Bermuda, islands that swallow planes

A view of white sandy beach and blue waters in Bermuda
Bermuda beach
When I was a little girl back in the eighties I used to hear all these stories about planes disappearing in the Bermuda triangle. It was a big thing back then, there were so many movies, TV shows, reports about all manner of mysterious events, that it was easy for my childish imagination to be excited. I would think  about that strange place where everything must go after it vanished; that other dimension where pilots and their planes were stuck forever. As skeptical as I have always been, there was no question that something supernatural was going on in that perfectly outlined section of the seas.
What I didn´t know back then, was that the Bemuda archipelago is actually in the Atlantic Ocean, and not quite as tropical as the Caribbean islands. This I only learnt the day I first set foot in Bermuda.
I will never forget that afternoon. I was inside the cruise ship´s outdoor Jacuzzi, looking out into the sea, enjoying the bliss of a sunny day when, all of a sudden, an unreal darkness covered the clear skies. Everything turned black, one would have thought it was the middle of the night, and I couldn´t help shuddering, and feeling  that whatever the Triangle´s secret was, we were at its mercy, willlingly sailing into the Earth´s darkest recesses, perhaps never to return.
But it didn´t swallow us, the good old triangle, and I did, finally set foot in Bermuda. We docked at King´s Wharf, by the side of a magnificent fort, whose beautiful pinkish hue stretched out into the bluest of seas in utter perfection. This meant that if you wanted to go to Hamilton town, the capital, you had to take a ferry. The ticket was inexpensive, unlike the shops, and the restaurants I would later visit. Bermuda is part of the British Commonwealth, it was once a British colony, and the queen of all currencies, the pound, is still queen there. Coming from the States or the Caribbean, the prices there will prove scarier than the unreal tales of planes and ships swallowed by the triangle over the years.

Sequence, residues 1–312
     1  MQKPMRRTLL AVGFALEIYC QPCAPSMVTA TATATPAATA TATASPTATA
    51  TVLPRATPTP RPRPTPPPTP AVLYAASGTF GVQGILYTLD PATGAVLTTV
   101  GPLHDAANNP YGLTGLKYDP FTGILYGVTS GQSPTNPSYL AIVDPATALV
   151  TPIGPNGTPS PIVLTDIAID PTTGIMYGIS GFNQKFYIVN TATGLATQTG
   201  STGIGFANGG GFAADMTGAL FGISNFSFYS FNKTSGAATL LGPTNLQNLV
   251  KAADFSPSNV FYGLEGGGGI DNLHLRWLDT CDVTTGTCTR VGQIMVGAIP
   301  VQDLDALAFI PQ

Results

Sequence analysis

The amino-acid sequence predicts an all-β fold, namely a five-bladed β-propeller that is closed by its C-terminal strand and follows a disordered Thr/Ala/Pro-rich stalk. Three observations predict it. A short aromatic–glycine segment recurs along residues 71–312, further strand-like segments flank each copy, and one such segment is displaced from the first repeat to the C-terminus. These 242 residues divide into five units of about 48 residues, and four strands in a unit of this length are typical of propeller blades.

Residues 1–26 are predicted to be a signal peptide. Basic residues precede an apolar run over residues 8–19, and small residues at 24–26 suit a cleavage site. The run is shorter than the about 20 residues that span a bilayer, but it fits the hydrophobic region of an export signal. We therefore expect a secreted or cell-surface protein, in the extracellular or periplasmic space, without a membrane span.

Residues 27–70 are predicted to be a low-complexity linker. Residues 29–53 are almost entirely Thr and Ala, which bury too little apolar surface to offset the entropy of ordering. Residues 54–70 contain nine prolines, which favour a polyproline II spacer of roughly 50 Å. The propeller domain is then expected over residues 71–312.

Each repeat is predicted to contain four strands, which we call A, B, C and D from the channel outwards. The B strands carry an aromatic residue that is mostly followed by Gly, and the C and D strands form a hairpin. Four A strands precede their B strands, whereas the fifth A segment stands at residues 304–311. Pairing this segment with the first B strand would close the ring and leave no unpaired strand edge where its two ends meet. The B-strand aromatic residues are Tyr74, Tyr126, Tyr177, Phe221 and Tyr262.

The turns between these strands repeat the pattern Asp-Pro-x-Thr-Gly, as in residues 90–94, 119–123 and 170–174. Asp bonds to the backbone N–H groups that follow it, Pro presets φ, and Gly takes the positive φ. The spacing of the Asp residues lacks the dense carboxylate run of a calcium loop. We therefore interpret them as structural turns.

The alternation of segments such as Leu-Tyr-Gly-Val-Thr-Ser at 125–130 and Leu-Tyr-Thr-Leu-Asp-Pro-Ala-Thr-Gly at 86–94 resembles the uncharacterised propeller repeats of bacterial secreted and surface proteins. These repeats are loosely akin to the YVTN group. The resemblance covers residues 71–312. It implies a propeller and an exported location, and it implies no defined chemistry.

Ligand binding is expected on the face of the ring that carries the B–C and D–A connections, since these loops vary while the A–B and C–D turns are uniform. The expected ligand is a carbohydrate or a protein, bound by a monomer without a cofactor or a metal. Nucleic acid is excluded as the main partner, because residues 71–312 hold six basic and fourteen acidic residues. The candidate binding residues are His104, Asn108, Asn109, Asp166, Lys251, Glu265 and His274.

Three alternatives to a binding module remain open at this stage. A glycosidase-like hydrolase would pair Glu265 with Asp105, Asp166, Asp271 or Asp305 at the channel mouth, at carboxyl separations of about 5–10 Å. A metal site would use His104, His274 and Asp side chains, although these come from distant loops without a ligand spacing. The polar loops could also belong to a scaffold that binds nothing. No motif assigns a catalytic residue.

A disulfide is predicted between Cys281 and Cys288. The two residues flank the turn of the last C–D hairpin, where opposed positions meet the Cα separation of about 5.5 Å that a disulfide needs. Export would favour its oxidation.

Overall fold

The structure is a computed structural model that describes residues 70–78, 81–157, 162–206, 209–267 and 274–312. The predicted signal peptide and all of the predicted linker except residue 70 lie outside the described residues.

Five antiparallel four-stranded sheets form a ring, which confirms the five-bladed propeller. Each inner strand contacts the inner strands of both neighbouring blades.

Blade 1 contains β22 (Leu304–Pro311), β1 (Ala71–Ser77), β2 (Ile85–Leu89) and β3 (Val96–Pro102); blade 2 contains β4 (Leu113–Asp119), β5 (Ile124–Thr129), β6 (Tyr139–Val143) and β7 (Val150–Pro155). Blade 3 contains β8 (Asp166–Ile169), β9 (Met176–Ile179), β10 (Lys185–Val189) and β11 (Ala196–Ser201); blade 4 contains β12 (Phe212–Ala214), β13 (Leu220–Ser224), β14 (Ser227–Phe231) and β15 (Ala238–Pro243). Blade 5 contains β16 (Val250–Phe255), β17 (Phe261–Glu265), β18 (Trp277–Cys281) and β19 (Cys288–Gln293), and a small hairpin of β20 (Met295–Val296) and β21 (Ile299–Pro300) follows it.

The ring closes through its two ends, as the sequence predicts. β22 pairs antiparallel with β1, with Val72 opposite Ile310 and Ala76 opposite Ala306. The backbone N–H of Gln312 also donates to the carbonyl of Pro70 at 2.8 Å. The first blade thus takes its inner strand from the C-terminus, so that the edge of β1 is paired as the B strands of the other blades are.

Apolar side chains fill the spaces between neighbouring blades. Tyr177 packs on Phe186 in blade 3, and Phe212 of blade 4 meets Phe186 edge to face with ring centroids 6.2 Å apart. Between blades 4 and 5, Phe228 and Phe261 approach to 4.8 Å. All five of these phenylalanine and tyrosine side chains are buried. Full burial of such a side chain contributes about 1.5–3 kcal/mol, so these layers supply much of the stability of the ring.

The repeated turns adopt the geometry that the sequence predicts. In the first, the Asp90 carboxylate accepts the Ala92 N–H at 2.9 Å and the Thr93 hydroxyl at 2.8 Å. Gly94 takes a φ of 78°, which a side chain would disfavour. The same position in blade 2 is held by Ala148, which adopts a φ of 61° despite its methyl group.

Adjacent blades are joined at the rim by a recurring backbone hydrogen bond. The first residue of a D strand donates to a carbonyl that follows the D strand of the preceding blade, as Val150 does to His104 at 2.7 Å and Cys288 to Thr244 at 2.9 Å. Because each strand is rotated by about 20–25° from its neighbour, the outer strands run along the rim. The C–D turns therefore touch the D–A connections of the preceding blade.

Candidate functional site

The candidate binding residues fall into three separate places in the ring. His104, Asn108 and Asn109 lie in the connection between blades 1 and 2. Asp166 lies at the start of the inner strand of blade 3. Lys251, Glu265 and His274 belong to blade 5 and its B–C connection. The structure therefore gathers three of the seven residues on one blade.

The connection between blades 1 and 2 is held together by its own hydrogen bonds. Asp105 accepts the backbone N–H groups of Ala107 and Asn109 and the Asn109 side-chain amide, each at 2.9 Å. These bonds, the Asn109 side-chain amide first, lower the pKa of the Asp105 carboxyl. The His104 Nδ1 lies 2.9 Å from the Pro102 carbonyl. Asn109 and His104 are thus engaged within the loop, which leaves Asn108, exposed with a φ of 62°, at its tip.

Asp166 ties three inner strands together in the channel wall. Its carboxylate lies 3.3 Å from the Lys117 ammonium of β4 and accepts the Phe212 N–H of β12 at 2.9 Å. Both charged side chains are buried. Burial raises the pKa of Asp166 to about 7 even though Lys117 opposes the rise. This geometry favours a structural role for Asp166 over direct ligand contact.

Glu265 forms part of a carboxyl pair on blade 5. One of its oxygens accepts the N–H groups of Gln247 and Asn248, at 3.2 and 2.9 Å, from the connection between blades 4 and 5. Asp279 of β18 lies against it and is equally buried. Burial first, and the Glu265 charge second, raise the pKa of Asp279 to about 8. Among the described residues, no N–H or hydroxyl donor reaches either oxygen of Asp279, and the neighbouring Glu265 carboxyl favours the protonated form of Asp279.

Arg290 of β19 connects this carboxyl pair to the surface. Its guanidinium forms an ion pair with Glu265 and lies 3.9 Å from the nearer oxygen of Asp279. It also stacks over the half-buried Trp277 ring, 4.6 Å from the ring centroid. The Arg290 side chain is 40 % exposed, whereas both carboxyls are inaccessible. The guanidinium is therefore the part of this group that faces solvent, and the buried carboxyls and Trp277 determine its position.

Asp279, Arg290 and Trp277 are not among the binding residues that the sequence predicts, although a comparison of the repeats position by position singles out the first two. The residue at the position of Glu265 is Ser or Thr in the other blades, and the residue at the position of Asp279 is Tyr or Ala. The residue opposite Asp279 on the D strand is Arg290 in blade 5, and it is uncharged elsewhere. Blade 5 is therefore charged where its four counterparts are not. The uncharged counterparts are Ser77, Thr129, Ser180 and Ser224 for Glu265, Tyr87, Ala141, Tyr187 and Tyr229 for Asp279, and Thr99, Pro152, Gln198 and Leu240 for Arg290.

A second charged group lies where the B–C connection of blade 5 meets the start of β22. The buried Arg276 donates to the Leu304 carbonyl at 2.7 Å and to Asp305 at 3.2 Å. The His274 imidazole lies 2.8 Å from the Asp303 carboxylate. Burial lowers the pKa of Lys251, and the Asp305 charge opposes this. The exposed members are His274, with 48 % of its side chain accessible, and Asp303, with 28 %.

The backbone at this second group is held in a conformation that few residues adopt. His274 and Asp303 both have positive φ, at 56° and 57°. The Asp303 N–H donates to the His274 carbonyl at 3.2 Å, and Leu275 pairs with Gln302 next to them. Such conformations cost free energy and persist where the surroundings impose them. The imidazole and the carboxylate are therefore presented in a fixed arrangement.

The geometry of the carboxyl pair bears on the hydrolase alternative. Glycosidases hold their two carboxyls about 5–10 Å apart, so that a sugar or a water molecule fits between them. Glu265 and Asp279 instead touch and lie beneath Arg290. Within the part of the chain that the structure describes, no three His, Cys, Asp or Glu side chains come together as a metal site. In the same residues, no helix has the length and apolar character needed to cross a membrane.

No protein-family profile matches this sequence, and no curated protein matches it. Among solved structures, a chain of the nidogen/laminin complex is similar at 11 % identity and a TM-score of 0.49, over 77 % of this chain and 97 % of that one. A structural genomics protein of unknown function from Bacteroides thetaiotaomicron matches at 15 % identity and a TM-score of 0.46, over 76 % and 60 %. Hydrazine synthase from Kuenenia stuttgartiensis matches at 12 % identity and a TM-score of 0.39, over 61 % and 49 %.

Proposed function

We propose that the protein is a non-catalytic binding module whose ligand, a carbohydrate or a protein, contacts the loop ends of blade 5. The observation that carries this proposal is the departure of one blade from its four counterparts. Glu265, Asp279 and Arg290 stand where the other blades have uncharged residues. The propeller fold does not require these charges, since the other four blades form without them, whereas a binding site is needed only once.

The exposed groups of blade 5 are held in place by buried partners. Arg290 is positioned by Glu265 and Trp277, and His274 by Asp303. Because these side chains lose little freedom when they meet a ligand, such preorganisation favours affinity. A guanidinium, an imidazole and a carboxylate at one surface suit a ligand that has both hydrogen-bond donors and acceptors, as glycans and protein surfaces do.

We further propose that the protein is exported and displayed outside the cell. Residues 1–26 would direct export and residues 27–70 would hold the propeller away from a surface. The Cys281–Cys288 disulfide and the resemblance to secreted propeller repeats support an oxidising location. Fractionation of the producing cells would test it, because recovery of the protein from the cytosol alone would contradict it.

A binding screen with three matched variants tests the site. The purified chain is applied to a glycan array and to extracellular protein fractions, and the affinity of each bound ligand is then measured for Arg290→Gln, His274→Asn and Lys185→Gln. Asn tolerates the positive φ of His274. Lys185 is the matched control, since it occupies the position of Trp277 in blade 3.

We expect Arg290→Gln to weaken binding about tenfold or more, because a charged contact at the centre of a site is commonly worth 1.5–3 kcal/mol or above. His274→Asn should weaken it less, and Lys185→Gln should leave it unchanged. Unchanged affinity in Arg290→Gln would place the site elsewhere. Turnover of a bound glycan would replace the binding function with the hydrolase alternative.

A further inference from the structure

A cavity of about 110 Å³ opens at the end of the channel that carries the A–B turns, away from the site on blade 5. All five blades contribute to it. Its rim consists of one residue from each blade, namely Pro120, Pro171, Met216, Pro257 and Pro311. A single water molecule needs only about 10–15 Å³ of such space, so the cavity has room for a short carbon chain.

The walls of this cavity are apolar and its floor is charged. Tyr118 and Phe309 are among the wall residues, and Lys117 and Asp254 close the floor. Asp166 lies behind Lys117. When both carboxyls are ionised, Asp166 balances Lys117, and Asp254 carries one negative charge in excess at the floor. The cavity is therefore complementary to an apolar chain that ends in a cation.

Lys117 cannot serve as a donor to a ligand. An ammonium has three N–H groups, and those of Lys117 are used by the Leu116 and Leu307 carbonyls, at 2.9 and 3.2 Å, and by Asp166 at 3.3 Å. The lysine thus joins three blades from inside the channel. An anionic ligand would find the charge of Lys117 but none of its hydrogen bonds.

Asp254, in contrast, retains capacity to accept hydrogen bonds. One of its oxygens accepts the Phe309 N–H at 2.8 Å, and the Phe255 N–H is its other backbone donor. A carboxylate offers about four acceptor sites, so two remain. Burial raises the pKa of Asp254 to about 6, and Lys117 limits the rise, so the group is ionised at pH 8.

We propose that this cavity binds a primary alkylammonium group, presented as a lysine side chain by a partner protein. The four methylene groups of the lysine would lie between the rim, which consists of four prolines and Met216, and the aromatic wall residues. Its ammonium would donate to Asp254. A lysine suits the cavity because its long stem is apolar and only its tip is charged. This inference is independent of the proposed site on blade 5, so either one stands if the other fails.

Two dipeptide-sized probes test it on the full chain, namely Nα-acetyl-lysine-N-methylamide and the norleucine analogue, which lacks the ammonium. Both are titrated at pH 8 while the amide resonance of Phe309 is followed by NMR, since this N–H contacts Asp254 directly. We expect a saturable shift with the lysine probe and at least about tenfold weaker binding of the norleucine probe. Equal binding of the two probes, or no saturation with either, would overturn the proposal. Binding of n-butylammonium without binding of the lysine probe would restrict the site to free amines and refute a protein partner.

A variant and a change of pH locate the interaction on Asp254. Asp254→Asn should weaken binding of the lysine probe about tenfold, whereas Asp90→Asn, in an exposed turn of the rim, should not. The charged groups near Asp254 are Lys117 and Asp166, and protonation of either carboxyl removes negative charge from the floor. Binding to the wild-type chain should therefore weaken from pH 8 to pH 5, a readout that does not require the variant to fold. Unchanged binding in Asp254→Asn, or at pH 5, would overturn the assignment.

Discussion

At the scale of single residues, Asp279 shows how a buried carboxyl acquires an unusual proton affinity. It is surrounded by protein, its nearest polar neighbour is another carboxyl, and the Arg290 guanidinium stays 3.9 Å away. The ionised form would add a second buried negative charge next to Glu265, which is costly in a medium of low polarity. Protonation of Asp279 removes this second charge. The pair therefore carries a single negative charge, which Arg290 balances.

Spreading along the turquoise ocean´s edge, Hamilton is lined with pastel colored cottages with their perfect little gardens, and full of friendly little shops, good old English pubs, restaurants with glorious vistas, the occasional cozy bookstore and everything you might desire, as long as you can afford it. If you are planning on staying in the Hamilton area, the Royal Palms hotel, with its charming gardens and relaxed atmosphere is definitely a safe bet.
However, my dearest memories from Bermuda are not from the glorious stone walls of the fort, the glass factories where big red-haired boys in Green Day T-shirts blew the glass into perfection, or the photos of the whitest sands and turquoise waters my friends had taken, after smartly renting scooters to go beach-scouting, and I´m talking gorgeous beaches with wide stretches of sand, and not a soul (or a building) in sight, the kind of photos that make you wish you were there.  My coolest memory of Bermuda  is and will ever stay Edith.
I met Edith on the ferry back from Hamilton. She was a black woman of sixty-something, perhaps more, with a perfect British accent, descended from African slaves, as the bulk of the Bermuda population.  In the few minutes the ride took from the city to our dock, she charmed me with her stories and her gorgeous pride to be Bermudian.
She told me about how Bermuda came to be British. The story (or Edith, in this case) tells that when the Spanish conquerors first came ashore in Bermuda they heard terrible wails, and they thought they had entered the gates of hell, that´s why they called it Devil´s island, and went on their way. They thought they could handle the Aztecs, but, religious as they were, they evidently thought that the devil was a bit out of their league… So, the British, who were not deterred by the mad wails, took their chance and settled there after a bloodless conquest. What the Spanish had heard were wild pigs. To prove this, Edith produced a Bermudian coin, a penny. The figure on the penny was, unmistakably, a pig, one of Bermuda´s true original dwellers.
Edith was a widow, and she had got a job after her husband´s death “because (she) needed something to do”, and thus, she would drive her car to the pier everyday, and then take the ferry to the city. As it turned out, I met her on the way back from work; she was a public offical of some sort. It was sad to see her walk towards her car, knowing that I would never see her again. To me, she was Bermuda now, that place that I had learnt to love in just one day, Edith, with her unmistakable African roots, descended from estranged slaves brought to a paradise where once  the Queen of England had replaced the King of pigs.
On our way back to New Jersey there was a mysterious blackout.  But the triangle spared us. After all, a shipload of three thousand people must be pretty hard to swallow, even for the Triangle…
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